Bugs and mailers and apologies

27 December 2006

If you're a VCL customer, we did something bad to you today. We went live with our new client center software, but there was an awful bug in it. To be precise, the bug was in the notification mailer subsystem, which proceeded to mail out the same release notification email to the same people (our VCL customer mailing list), over and over and over and over... Eight times in all. (Well, that's how many I got, you may have been luckier. Or should that be unluckier? Sigh.)

As soon as I noticed, I told our support team, who already knew about it from the several customers who'd emailed complaints. Of course, the developer of that part of the system wasn't in (gotta love the Holiday season, don't you know), and by the time we'd worked out what to do to shut it off, we'd sent out several — at least eight — notifications to everyone, all exactly the same.

As soon as we'd stopped the errant mailer, I was in a quandary. Many customers who'd complained were adamant about never hearing from us again, but I wanted to send out an email as quickly as possible to everyone concerned apologizing for our mistake. There was no way we could remove those customers who'd emailed us about the problem from out mailing list in the time. So I decided that we should send out the apology email immediately (using an older, working, version of the mailer program, obviously; I shudder to think what might happen if we used the new one and the VCL customers then got eight copies of the same apology — gaaak), and then I would personally reply to every customer who'd written to complain.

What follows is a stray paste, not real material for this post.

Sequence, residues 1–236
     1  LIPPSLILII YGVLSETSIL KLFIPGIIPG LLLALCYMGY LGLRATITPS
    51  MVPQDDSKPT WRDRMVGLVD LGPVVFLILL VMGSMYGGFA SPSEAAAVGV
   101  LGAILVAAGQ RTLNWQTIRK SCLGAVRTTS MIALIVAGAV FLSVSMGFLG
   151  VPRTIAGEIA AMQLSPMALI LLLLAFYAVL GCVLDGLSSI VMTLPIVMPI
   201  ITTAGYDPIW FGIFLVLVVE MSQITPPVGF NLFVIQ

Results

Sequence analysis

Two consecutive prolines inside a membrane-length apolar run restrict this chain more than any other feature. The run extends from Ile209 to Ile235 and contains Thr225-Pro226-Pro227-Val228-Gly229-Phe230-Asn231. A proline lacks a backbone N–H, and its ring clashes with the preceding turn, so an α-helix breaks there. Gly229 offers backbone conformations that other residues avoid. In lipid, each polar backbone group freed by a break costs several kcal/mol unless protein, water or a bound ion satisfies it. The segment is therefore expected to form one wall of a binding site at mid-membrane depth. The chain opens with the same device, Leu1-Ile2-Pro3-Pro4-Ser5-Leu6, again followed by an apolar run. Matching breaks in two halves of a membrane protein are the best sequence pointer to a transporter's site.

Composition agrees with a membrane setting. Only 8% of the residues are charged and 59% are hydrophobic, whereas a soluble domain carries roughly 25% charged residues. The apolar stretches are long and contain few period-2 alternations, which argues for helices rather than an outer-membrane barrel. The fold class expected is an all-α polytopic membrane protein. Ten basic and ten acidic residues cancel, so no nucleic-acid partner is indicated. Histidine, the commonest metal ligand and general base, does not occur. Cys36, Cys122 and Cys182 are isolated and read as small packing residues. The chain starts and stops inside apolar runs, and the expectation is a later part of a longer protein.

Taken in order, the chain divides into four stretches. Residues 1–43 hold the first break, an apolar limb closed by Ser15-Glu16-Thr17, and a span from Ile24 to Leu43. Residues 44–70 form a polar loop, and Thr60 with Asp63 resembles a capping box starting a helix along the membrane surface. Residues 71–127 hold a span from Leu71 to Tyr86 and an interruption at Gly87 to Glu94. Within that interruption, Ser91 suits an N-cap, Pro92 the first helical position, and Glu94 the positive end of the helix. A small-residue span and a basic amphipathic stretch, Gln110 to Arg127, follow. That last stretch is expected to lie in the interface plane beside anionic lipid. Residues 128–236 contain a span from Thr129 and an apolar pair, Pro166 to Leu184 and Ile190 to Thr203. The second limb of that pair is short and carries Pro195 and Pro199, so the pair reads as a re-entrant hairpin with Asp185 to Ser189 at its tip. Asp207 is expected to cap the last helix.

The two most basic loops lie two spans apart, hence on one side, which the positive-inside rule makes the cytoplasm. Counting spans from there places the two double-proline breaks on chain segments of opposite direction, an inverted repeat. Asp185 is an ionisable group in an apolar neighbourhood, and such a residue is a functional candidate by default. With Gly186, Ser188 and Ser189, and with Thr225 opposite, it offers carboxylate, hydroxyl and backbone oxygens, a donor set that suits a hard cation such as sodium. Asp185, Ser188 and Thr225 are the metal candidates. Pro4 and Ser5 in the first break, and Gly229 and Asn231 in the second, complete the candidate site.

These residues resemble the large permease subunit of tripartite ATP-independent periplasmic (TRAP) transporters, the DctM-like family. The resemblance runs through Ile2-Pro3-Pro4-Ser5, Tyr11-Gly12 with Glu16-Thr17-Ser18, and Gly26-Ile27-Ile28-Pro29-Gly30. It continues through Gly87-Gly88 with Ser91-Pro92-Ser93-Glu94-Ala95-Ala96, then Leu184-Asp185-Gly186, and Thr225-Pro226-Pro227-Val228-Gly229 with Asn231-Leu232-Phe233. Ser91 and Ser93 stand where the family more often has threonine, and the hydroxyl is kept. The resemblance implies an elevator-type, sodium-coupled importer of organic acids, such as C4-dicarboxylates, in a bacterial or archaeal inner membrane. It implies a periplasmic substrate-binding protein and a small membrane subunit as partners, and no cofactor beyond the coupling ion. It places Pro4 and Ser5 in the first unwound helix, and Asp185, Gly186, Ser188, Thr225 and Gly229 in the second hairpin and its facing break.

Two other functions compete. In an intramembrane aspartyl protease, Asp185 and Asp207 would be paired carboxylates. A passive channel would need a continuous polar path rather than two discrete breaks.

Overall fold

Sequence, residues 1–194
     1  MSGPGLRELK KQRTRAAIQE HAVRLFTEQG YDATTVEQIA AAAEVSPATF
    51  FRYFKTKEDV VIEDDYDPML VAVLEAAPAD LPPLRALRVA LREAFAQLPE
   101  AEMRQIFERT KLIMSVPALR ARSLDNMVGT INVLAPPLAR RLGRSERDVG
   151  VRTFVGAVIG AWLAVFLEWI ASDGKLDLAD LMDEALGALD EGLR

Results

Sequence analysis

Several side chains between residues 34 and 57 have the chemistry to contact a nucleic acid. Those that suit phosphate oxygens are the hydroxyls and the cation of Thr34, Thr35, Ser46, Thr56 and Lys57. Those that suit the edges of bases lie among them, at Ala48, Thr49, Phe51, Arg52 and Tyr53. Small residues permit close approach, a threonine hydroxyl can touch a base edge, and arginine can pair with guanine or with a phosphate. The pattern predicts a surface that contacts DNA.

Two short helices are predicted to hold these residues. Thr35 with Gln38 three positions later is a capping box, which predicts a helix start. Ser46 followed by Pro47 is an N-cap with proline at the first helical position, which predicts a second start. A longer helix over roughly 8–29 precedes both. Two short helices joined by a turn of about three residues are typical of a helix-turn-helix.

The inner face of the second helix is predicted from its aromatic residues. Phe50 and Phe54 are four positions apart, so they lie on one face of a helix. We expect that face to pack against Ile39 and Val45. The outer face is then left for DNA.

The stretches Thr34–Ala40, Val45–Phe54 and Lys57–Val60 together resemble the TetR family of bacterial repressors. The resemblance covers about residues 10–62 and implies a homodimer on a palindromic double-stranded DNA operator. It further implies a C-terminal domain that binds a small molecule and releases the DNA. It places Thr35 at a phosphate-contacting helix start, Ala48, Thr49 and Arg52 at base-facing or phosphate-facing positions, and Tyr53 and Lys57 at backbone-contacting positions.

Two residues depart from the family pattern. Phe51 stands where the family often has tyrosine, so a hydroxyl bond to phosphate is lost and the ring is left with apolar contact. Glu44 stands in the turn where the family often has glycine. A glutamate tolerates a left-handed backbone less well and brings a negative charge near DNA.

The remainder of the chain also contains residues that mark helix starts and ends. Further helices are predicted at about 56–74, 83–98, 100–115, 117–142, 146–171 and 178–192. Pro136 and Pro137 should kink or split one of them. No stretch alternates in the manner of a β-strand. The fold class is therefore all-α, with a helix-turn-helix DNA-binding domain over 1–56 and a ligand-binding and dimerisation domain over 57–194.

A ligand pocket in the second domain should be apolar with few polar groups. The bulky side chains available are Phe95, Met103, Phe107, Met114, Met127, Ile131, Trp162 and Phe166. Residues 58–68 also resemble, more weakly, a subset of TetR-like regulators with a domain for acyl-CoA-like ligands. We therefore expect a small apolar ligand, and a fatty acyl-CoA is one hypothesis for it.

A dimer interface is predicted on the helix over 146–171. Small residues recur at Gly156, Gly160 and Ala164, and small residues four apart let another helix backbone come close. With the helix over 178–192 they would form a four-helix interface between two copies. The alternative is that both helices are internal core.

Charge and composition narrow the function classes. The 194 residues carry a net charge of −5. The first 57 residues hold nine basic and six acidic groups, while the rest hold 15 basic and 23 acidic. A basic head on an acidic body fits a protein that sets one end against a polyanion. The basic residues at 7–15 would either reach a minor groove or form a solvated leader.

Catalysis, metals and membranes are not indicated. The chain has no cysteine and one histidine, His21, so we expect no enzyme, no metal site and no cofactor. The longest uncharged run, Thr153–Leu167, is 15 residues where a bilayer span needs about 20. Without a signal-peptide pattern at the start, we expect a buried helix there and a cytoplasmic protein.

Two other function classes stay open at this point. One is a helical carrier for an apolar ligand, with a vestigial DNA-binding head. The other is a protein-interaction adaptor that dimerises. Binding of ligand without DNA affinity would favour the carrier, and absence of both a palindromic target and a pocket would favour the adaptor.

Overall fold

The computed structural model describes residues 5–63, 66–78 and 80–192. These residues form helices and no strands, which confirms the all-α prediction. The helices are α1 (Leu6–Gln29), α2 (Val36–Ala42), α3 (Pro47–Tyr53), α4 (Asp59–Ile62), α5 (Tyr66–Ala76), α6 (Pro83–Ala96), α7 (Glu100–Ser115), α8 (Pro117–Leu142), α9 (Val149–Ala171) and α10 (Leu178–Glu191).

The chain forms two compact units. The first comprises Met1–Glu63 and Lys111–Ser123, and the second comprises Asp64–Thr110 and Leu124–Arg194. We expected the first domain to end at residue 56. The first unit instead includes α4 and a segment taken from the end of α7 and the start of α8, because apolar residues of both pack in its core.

I've just completed the first stack of personal replies that I have to make and thought I'd take a little break before continuing. The apology email has provided nearly 1800 items in my inbox so far, most of them the usual mail server replies (out of the office, not a valid email, over quota, rejections, etc), but also some real replies which I shall be reading (and replying to, if needed) in due course.

I'm reporting this here, not to make me out to be some kind of hero or weirdo, but to emphasize how important I feel this issue is for us. We screwed up badly — there's no other way to put it — and it's up to us to make good by admitting it and apologizing as quickly as possible. To that end, I even included my cell phone number in the apology email I sent out so that people could talk to me in person if they wanted to.

If you are a customer who added devexpress.com to their junk blacklist, you won't have received any of my communications to you, so please accept my and Developer Express' public apologies for what happened today. We're not in the business of spamming anyone, we're here to write great components, frameworks and productivity tools.

Just don't ask to buy our new Client Center software. We need to test it a bit more...

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